What you do in your After can make the difference in the way you feel and perform. Top athletes and trainers know refueling is essential after a tough workout and key to preparing for the next challenge whether you are on the race course, in the pool or on the field, and, chocolate milk has what it takes to help athletes recover.
Ready. Set. Refuel. Tips to make your AFTER count and maximize post workout recovery.
Nick Folker, USA Swimming Trainer and Director of Aquatic Performance at the University of California, Berkeley shares some tips for recovery after your next workout.
Replenish Your Body
A hard workout can leave your body depleted, and running on empty. The correct post-workout nutrition can help replace what you’ve lost, and help your body rebuild for the next workout. Within a 20-minute to two-hour recovery window, athletes should refuel with the following:
- Electrolytes: Electrolytes are salts and minerals that help your body maintain fluid balance and perform at its best. When you sweat, you lose electrolytes like sodium, calcium, potassium and magnesium.
- Protein: Protein reduces muscle breakdown and stimulates growth. It also works with carbohydrates to help replenish the energy stores in your muscles.
- Carbohydrates: Carbs are an athlete’s preferred source of energy. After a long practice or race your muscle glycogen (the back-up fuel storage in your muscles) is depleted.
Recovery allows the body to replenish energy stores and repair damaged tissues. Exercise causes changes in the body such as muscle tissue breakdown and the depletion of energy stores (muscle glycogen) as well as fluid loss. Recovery after exercise is essential to high-level performance.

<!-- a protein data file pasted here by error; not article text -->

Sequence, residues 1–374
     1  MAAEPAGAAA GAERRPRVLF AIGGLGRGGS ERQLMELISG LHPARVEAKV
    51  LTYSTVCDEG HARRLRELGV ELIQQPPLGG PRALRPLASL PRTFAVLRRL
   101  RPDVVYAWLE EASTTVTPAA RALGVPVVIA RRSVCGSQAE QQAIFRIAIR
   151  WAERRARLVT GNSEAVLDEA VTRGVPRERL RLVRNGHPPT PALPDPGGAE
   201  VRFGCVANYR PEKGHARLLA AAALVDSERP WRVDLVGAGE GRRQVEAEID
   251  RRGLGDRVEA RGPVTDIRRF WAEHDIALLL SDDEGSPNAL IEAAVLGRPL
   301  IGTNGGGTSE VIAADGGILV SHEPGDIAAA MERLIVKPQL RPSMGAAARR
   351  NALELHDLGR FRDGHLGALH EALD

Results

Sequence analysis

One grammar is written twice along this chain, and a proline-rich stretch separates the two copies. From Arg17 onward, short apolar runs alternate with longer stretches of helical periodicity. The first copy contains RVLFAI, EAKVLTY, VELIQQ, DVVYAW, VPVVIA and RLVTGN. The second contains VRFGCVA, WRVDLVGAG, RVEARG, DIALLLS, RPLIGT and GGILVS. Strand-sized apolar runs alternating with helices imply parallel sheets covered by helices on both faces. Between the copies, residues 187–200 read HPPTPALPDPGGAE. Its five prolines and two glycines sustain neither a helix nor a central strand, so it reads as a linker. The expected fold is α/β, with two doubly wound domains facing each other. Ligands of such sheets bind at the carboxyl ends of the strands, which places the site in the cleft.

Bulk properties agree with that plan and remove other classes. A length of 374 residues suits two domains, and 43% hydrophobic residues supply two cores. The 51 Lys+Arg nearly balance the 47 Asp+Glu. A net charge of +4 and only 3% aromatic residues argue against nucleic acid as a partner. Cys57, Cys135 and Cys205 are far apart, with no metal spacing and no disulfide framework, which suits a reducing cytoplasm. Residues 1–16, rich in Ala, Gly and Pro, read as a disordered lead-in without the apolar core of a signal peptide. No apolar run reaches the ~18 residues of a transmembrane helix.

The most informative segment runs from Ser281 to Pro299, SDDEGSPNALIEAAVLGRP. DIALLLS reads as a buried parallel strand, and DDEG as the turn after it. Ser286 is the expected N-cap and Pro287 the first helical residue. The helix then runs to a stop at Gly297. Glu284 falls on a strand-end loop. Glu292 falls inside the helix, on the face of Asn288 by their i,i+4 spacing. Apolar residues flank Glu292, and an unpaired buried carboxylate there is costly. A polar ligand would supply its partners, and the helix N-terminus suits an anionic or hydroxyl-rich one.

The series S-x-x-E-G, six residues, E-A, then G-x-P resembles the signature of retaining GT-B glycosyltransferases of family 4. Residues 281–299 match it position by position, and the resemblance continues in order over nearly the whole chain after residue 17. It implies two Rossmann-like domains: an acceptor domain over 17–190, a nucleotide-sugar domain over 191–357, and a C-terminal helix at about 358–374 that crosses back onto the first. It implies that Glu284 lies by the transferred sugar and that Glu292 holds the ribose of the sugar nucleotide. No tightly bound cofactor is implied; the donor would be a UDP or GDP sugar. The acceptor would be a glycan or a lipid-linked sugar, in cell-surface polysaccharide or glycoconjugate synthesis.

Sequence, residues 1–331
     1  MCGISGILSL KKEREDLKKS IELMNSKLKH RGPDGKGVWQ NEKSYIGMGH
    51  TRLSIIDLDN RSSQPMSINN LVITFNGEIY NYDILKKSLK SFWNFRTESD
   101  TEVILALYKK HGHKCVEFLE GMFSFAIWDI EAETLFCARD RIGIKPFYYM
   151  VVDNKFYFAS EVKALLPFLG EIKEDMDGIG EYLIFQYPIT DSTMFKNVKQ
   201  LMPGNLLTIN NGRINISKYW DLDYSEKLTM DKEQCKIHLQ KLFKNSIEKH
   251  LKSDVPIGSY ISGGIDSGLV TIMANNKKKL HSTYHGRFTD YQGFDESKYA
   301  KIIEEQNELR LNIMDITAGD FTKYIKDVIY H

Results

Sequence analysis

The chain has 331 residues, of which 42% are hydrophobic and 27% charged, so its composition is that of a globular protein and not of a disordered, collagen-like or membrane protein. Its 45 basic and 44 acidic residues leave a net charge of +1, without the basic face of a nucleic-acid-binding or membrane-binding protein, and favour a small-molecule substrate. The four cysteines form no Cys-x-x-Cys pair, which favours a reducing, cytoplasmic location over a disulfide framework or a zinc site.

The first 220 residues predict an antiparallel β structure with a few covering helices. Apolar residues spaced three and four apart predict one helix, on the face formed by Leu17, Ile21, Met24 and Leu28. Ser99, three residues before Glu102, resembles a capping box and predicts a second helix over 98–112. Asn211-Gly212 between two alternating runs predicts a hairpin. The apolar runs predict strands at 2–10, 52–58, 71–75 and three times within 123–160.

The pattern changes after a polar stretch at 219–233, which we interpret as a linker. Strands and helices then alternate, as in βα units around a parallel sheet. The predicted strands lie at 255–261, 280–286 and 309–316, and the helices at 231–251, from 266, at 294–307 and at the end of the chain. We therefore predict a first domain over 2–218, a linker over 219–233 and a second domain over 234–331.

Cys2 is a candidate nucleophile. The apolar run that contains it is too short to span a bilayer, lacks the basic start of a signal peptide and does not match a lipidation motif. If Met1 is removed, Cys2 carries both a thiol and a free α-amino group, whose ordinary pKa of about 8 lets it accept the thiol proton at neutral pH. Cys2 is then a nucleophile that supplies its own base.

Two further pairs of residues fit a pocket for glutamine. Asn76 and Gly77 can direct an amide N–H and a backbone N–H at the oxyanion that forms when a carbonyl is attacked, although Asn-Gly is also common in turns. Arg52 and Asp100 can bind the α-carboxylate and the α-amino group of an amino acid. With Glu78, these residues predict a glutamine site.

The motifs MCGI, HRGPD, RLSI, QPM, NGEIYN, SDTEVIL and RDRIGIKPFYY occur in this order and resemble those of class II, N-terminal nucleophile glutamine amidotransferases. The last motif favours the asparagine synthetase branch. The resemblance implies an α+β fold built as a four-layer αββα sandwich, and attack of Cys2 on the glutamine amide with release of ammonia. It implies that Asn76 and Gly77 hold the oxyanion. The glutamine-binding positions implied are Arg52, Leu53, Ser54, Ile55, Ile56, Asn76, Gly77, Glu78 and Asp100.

Look for post workout drinks or snacks that combine the right ratio of carbohydrates to proteins to refuel. The nutrient profile of lowfat chocolate includes a natural source of high-quality protein to build lean muscle, the right mix of protein and carbs (3.25:1) to refuel and rebuild exhausted muscles, and fluids and a natural source of electrolytes to rehydrate and help replenish what was lost in sweat.
In addition to recovery benefits from proper post-workout nutrition, athletes’ After routines should include active recovery techniques in the hours following intense exercise. Active recovery and rest days are linked to performance benefits. Here are a few to consider including in your After routine:
Cool down: To help your body bounce back, muscles must cool down. Light active recovery after a race will increase circulation and get your body back on track.
Stretch: Stretch directly after exercise (or after a foam roll session) while muscles are warm. Stretching increases blood flow to muscle fibers, stimulates recovery and helps prevent injury.
Foam Roll: Foam rollers are like a “self-massage” and easy to travel with to training and/or competition. Foam rolling uses deep compression to help roll out muscle adhesions that develop over time, helping restore the muscle to its original length. The compression causes your nerves to relax - myofascial release, loosens the muscle, and increases blood flow which all help your body recover.
Massage: A massage helps release muscle tension and increases blood flow which will help speed up the muscle repair process.
Ice: Within two hours of very strenuous workout, ice muscles to reduce post-workout inflammation/swelling, which may prevent muscle soreness.
Contrast Therapy: Hot/Cold Water Immersion Therapy is a form of treatment where a limb or the entire body is immersed in ice water followed by the immediate immersion of the limb or body in warm water. This is repeated several times, alternating between the two. This treatment can help reduce injury and swelling in the acute stages of injury through vasodilation (hot immersion) and vasoconstriction (cold immersion) of the affected areas. The lymph system lacks a central pump. Through this method of recovery the lymph vessels dilate and contract to “pump” and move stagnant fluid out of the affected areas, thus aiding positively in the inflammation process.